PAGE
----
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Samskara

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(Sanskrit संस्कार) Saṃskāra literally means "that which has been put together" and "that which puts together."

"Vritti (whirlpool, thought-wave) arises in the mind-ocean. It operates for sometime. Then it sinks below the threshold of normal consciousness. From the surface of the conscious mind wherein it was uppermost for some time, it sinks down deep into the region of the subconscious mind (Chitta). There, it continues to be a subliminal action and becomes a Samskara (impression). A conscious action-whether cognitive, affective or conative-assumes a potential and hidden (Sukshma and Avyakta) form just below the threshold of consciousness. This is termed a Samskara." - Swami Sivananda, Mind - Its Mysteries and Control

"Those who have not eliminated the Abhayan Samskara, the innate fear, will flee from the Ninth Sphere by telling to others that the work in the forge of the Cyclops (sex) is worthless." - Samael Aun Weor, Tarot & Kabbalah; Cosmic Teachings of a Lama

In Buddhism, samskara is the the fourth skandha and the second link in the twelve Nidanas, the chain of dependent origination.

a.samskara means the production of new qualities and abhyasa means habit due to constant practice (satata-kriya).
b.A Samskara is a blockage, an impression from the past.
c.Samskara is meaning the spiritual, mental, emotional, and physical energies that follow the individual into this lifetime from past lifetimes.

Mental Formations and Impressions (Samskaras in Sanskrit) belong to the Five Aggregates and compose the second link in the principle of Dependent Origination in Buddhist philosophy. Samskara is a Sanskrit word (Pali: Sankhara) that means "to fashion” or “to do together." Other translations for samskara include fabrication, formation, latent impression, residual impression, predisposition, imprint, innate tendency, mold, or inborn nature.

Samskaras refer to the impressions left in your mind after any experience, which includes the tendencies or predispositions that you acquire as a result of these impressions. These impressions may also include any repetitious activity, good and bad, pleasant or unpleasant, which creates karma that binds us to the cycle of birth, death, and rebirth.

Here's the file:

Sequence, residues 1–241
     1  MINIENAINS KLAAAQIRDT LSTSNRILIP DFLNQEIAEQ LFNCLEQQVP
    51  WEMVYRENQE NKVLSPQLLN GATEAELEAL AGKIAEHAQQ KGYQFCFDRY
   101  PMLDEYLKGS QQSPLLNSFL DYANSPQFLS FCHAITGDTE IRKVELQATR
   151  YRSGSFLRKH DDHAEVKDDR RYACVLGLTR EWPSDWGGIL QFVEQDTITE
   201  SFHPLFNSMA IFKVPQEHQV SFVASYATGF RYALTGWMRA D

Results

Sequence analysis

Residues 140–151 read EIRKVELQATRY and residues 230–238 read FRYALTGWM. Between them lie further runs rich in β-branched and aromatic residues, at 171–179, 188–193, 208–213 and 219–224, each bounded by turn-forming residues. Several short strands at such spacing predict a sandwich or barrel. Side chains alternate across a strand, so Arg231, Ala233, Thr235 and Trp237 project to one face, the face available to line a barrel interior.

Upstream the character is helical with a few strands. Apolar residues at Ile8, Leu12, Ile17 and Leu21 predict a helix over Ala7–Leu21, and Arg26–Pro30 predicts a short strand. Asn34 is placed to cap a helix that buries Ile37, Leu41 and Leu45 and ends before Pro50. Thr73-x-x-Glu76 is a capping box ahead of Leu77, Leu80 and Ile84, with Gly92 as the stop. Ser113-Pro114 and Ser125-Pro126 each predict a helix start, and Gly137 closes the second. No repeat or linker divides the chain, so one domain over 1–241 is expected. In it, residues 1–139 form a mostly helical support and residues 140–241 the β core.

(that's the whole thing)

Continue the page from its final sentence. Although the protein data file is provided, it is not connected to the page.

The experience of a traumatic event as a child, for example, is an unpleasant experience caused by external factors that may leave a strong impression in the mind. If this problem is not addressed, this may lead to serious long-term negative consequences such as the inability to respond appropriately to stress.

Another example is the impression left by the pleasant experience of eating junk food and sweets. Some people actually get addicted to these kinds of stuff. What usually happens when we experience something pleasant is that we tend to mindlessly repeat it without considering its long-term effects. The wordhabit” may seem to be an appropriate translation of samskara, but its full scope includes other patterns of behavior that we also exhibit as you can see from the previous example.




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"Each aspect of a deity has its own symbolism. For example, Vajrayogini, a red semi-naked dancing goddess related to the Prajnaparamita and known as the "Mother of all the Buddhas," has three bloodshot eyes symbolizing her ability to know the past, present, and future. Her crown of five skulls symbolizes transmuting the five kleshas into the five wisdoms. The 51 severed heads in a garland around her neck show that she has conquered the 51 samskaras (ego-centered concepts). Her fangs terrify the maras, or the demons of ego-clinging. The flames she stands in are the flames of wisdom."

"Formation, or concept (sometimes "compositional factors") refers, in a general way to thinking. More particularly, it refers to the type of activity that takes place in a mind. There are fifty-one divisions, called samskaras, each with additional subdivisions:

These 51 States may be: virtuous, nonvirtuous, neither or variable

As is indicated above, they divide into five groups and are either virtuous, nonvirtuous, neither virtuous nor nonvirtuous, or are variable."




In Hinduism, samskara can refers either to a series of ritual initiations (Sanskar) or more importantly, to formations in the mind, impressions, consequences.

In Hinduism, any of the personal sacraments traditionally observed at every stage of life, from the moment of conception to the scattering of one's funeral ashes. The observance of the samskaras is based on custom and on such texts as the Puranas, and differs considerably according to region, caste, or family. The most generally accepted list of 16 traditional samskaras includes ceremonies for conception, a male birth, name-giving, the upanayana, and marriage. There is also a body of noncanonical samskaras performed by and for the benefit of women.

Source

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